Join us for a spring morning of birding west of Kalispell. We’ll drive Smith Lake Road looking for recently arrived sparrows, orioles, warblers, and other breeding migrants and then make our way to Smith Lake to look for waterfowl and wetland species. We should have a good diversity of habitats and species! Bring binocs and scopes and appropriate weather gear. To RSVP contact Cory Davis at 406-471-3314, or firstname.lastname@example.org. Limited to 20 people. Meeting place will be confirmed once you have contacted Cory and reserved your space.
Join us as we visit several ponds in the West Valley area during waterfowl migration. We should see many of the Valley’s waterfowl and shorebirds. Be prepared for any kind of weather, including footwear for walking on muddy roads. Depending on road conditions, we may need to walk a short distance (<1/4 mile) to viewing areas. Bring binoculars and a spotting scope if you have one. Limited to 25 people. Meeting place information will be confirmed when you contact Cory Davis.
Kari Gabriel will be the guest speaker at the Monday, February 12 meeting at 7 pm at the Gateway Community Center.
Kari Gabriel has been working as a raptor educator, trainer and rehabilitator since 1991, following a life-long dream of working hands-on with animals. She got her start working with bald eagles at the Alaska Raptor Center, in Sitka, Alaska, and traveled North America with an in imprinted Bald Eagle, named Buddy, until relocating to Kalispell in 1997.
In 2015, Kari obtained her own federal permits to do raptor education programming, and founded “Montana Bird Lady,” a raptor education and conservation organization. She has trained three permanently disabled raptors as education ambassadors, and is also permitted for raptor rehabilitation through the FWP’s Montana WILD education & rehabilitation facility in Helena.
She has a male Prairie Falcon named “Jack,” a female Rough-Legged Hawk named “Hawkeye,” and a female Northern Saw-whet owl named “Tink,” on her state and federal permits. Gabriel uses live raptors to provide education and wildlife art programming to schools and the public, to instill a sense of respect and admiration for raptors, and to promote raptor conservation and habitat preservation. Her work is mostly self-funded, and supplemented with program fees and private donations.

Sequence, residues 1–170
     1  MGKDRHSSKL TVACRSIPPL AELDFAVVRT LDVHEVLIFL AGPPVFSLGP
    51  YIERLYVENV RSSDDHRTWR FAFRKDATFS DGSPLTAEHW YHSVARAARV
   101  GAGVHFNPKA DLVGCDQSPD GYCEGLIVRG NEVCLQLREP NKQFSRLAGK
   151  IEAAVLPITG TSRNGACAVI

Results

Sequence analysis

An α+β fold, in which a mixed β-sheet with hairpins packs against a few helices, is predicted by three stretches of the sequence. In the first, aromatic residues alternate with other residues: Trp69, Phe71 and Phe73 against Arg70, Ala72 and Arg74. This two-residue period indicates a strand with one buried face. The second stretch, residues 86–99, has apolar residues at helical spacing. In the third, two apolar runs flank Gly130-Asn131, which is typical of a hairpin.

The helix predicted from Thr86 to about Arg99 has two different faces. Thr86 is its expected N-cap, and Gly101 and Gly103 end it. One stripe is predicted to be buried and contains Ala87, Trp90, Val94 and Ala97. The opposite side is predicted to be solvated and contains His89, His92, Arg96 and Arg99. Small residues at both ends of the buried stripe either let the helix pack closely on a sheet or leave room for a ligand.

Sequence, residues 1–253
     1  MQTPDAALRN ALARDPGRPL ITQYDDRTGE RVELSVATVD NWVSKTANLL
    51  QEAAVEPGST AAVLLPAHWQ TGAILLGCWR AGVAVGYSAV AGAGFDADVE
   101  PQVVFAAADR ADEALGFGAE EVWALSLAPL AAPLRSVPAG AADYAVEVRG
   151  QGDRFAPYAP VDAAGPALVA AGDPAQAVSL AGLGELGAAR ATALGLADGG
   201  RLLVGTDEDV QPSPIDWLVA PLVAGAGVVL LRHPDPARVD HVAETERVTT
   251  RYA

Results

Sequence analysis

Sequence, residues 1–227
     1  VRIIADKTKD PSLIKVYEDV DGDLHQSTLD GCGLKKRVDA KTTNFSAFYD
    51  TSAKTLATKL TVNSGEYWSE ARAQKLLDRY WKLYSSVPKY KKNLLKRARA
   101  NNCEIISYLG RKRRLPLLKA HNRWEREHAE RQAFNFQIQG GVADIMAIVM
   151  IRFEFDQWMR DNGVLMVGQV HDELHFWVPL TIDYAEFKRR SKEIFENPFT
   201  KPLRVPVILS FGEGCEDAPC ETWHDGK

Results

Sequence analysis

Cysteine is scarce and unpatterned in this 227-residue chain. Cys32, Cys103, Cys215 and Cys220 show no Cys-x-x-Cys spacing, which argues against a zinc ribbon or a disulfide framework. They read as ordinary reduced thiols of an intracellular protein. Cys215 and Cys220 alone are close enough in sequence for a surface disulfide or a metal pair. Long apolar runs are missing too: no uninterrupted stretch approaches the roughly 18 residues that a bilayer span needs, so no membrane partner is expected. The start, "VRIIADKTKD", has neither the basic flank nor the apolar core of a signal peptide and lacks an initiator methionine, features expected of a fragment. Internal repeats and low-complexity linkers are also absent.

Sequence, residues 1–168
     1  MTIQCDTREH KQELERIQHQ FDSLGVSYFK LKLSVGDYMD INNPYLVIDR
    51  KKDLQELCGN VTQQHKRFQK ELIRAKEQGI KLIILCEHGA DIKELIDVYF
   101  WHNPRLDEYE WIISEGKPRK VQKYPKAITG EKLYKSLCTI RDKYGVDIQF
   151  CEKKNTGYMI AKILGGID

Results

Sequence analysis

Kari supports her “raptor habit,” by working in marketing and communications for Professional Therapy Associates, and as a 4th term city councilor for the city of Kalispell.
Come with us for a magical mystery tour of one of the most unique areas in the Flathead Valley on Saturday, March 31, 2018 from 9AM-3PM. Our guide will be Brian Baxter, forester and wildlife researcher, who has taught outdoor educational programs for over 16 years. We’ll begin with a 1-hour classroom session to view and discuss the slide presentation “The Essence of Animal Tracking.” Then we’ll walk into Owen Sowerwine to visit its wetlands, and study the wildlife, vegetation, and predator/prey relationships that give this area its special flavor. As we quietly enter along the southern trails, we will search for and identify the track patterns and sign of the weasel family, muskrat, beaver, and water loving birds such as Great Blue Heron and American Dipper. All the while, we will scope for birds of prey, waterfowl, woodpeckers, and songbirds. Come prepared for the day, with proper layers, lunch, water, binoculars, spotting scope, bird books, and waterproof boots or snowshoes as conditions require. Trip is limited to 15 participants. To sign up and get the meeting location contact Brian Baxter at email@example.com or 406-291-2154.
EXPLORING THE BIGFORK AND SWAN RIVER AREA on Sunday, FEB. 18, 2018, 10AM-1PM. Join us for an exciting morning of birding and learning about our winter avian residents of this area. We will be visiting local feeders to ID and count our wintering songbirds including 3 different species of Chickadees and Golden-crowned Kinglets, as well as many other feeder surprises. Exploring the River corridor and surrounding fields by car, we hope to see Trumpeter Swans, Bald Eagles and perhaps resident Pygmy Owls. This is an excellent outing for families with children, as well as bird lovers of all ages. Minimal walking to some view areas. Dress warm, bring binoculars and/or spotting scopes. Contact Kathy Ross for information about meeting place and to sign up, 406-837-3837, or firstname.lastname@example.org. Limited to 15 participants.
Join FAS Conservation Educator and long-time teaching naturalist Denny Olson on a winter hike of all the OSNA trails. Winter birds, bird songs, tracking, botanizing, and seat-of-the-pants interpretation will be the unstructured itinerary. This is one of the best spots in the area to see Pileated and other woodpeckers, many kinds of chickadees, Bohemian and Cedar waxwings in flocks of thousands, Pine Grosbeaks, Townsend’s Solitaires — and there’s always an unexpected bird. Not just ID, but lots of natural history lore, which is Denny’s trademark. Dress warm, bring binoculars and snow boots, and check with us on the need for snowshoes if the snow is deep. We have binoculars and field guides if you need them. Call Denny at 249-3987, or contact at email@example.com to register and get directions.